A passion for music—or, perhaps more accurately, for sound—preceded her interest in visual art. She played the piano in high school, and later studied the violin and harpsichord at Wisconsin’s Lawrence Conservatory of Music. Lacking the talent of a concert performer, she spent her post-graduate years drifting between New York and London. She paid several visits to Radio Caroline, the notorious pirate radio station that broadcast from a ship anchored three miles off the coast of The Netherlands. “They played great rock music and transmitted information about Americans living in exile,” she says wistfully. “It was fun from a distance, but less romantic when you’re floating around on a Dutch barge.” Still, it roused a desire to run a station of her own one day.
Her true talent, she soon discovered, was for real estate. In 1971, she and New Yorker writer Brendan Gill founded The Institute for Arts and Urban Resources. By lobbying landlords and city officials, they developed many renowned alternative spaces, such as the Coney Island Sculpture Factory, an old factory used for large-scale sculpture projects; the Idea Warehouse, a performance space at 22 Reade Street; and 10 Bleecker Street, which Heiss leased from a private landlord. Artists like Richard Serra and Gordon Matta-Clark contributed site-specific installations, which were often invaded by local gangs. “The Fire Department would show up with water hoses and try to blast the kids out of the building,” Heiss laughingly recalls of 10 Bleecker Street. “So there was always an element of audience participation.”
In 1976, Donald R. Manes, the borough president of Queens, offered Heiss the lease to P.S.1, a 150,000 square foot Romanesque Revival public school in Long Island City. It was built in the 1890s and abandoned in 1963. For P.S.1’s inaugural exhibit, “Rooms,” 78 artists created installations and interventions in the classrooms, bathrooms, and hallways. “Because it was Alanna, we knew we could do anything we wanted, as long as we didn’t cause too much damage,” Richard Nonas remembers, adding that Gordon Matta-Clark cut holes in three floors and ceilings to make a long shaft of sunlight. P.S.1 became, and remains today, the largest contemporary art museum in the world without a permanent collection.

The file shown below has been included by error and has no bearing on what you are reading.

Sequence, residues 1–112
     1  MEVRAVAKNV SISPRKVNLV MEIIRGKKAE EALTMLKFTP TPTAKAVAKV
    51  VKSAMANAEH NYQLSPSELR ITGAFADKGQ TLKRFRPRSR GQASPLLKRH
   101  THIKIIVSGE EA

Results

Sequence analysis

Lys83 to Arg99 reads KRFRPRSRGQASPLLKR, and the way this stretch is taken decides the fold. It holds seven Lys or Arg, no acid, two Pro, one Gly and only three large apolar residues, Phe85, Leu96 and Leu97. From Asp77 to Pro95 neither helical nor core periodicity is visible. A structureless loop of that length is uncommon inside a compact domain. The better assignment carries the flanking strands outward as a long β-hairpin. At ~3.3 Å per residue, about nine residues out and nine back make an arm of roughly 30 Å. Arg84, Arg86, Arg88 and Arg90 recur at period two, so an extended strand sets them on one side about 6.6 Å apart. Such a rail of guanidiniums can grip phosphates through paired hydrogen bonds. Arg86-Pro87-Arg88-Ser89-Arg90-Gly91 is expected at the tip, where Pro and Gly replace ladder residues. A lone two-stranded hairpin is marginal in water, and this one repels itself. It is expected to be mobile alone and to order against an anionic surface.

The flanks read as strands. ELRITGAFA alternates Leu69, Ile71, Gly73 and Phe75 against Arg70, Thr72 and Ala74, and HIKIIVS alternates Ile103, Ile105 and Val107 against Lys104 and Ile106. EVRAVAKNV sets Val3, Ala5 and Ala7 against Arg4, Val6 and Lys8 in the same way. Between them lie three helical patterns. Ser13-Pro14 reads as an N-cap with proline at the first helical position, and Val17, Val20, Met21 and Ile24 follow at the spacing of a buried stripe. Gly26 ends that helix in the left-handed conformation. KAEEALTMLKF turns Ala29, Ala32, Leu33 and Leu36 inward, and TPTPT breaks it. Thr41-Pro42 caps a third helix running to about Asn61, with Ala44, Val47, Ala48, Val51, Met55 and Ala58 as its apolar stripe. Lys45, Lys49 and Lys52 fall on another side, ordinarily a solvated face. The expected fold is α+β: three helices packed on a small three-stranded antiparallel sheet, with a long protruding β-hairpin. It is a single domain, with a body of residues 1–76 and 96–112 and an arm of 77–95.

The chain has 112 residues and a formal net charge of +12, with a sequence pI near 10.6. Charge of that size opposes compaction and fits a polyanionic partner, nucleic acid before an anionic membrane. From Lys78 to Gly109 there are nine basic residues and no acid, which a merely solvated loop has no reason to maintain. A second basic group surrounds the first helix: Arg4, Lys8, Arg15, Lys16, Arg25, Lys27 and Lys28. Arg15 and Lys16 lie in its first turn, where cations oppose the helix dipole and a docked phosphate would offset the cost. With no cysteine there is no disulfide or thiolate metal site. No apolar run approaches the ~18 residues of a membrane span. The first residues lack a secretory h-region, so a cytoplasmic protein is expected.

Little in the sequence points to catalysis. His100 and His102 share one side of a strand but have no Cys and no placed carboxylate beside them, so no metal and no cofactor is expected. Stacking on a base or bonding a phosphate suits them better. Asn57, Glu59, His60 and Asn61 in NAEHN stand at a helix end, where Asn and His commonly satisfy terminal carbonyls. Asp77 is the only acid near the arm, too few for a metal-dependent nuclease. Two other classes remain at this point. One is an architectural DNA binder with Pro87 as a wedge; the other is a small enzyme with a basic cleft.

The demands of programming P.S.1 caused Heiss to phase out her other alternative-space projects. But she held onto the Clocktower, which she had acquired four years earlier, as a kind of secret resource. “I’d wanted something really high up and remote,” she explains. “Something that existed in people’s imaginations.”
Heiss’s reasons for choosing the Clocktower happen to make it an ideal radio broadcasting center. Throughout the eighties and nineties, the space was a hive of creative activity. There were celebrated one-person and group shows; artists like Philip Glass and Christian Marclay worked in the studios; and nonprofits like Visual AIDS occupied the free office spaces. But after 9/11, armed guards and metal detectors were installed on the ground floor, preventing public access to the tower. “I thought, ’Now’s the time to do the radio station,’” Heiss says. “‘We can use the rooms for sound art and experimentation, and reach the public through the airwaves instead.’”
Late one morning, Jane Kaplowitz, the artist and garrulous host of AIR’s new show “Talk to Me,” is sitting in AIR’s control room with the painter Laurie Simmons. As Heiss observes from a foldout chair, the two debate “what it means to dress like an artist.” Kaplowitz is wearing white cowboy boots, a scarlet scarf, and a pink flower-print blouse beneath a zebra-striped sweater. “In the ’70s,” she says, “to show your seriousness as a woman artist, you just disdained clothing and style.” Simmons demurs, reminding Kaplowitz of her affection for a pair of Carmen Miranda platform shoes circa 1975. Kaplowitz laughs. “Laurie was recently in my closet,” she says, “and I think she was aghast at all the Maribu and Ziggy Stardust shit goin’ on in there.” Heiss, silent until now, suddenly bursts out laughing.
In the search for radio personalities, Heiss is relying on her colossal network of artist pals. Kaplowitz, for instance, got her first job at the Clocktower over 30 years ago. (“I asked her to update the gallerist Leo Castelli’s mailing list,” Heiss giddily relates. “She’d call the people on the list and ask, ‘Are you dead?’”) Elliott Sharp, the downtown musician and co-curator with Heiss of several P.S.1 shows, is orchestrating a mini radio opera for AIR; Laurie Anderson, a longtime friend, is slated to share a late-night talk show with Vito Acconci called “The Midnight Hour.” Heiss moonlights as a host herself: she recently interviewed the avant-garde filmmaker Michel Auder, promoting his new film The Feature and swapping memories of Nico and Max’s Kansas City.
Like a conventional museum, AIR has its own permanent collection, albeit in digital form. In a curatorial coup on par with her alternative-space days, Heiss has acquired the licenses to MoMA and P.S.1’s audio archives. Amidst thousands of hours of recordings, one can hear Duchamp explain the ideas behind his readymades, Larry Rivers converse with Terry Southern, and Michel Gondry discuss his transition from music videos to film. These archives will absorb AIR’s own growing catalogue, forming what Heiss thinks of as an oral history of modern art.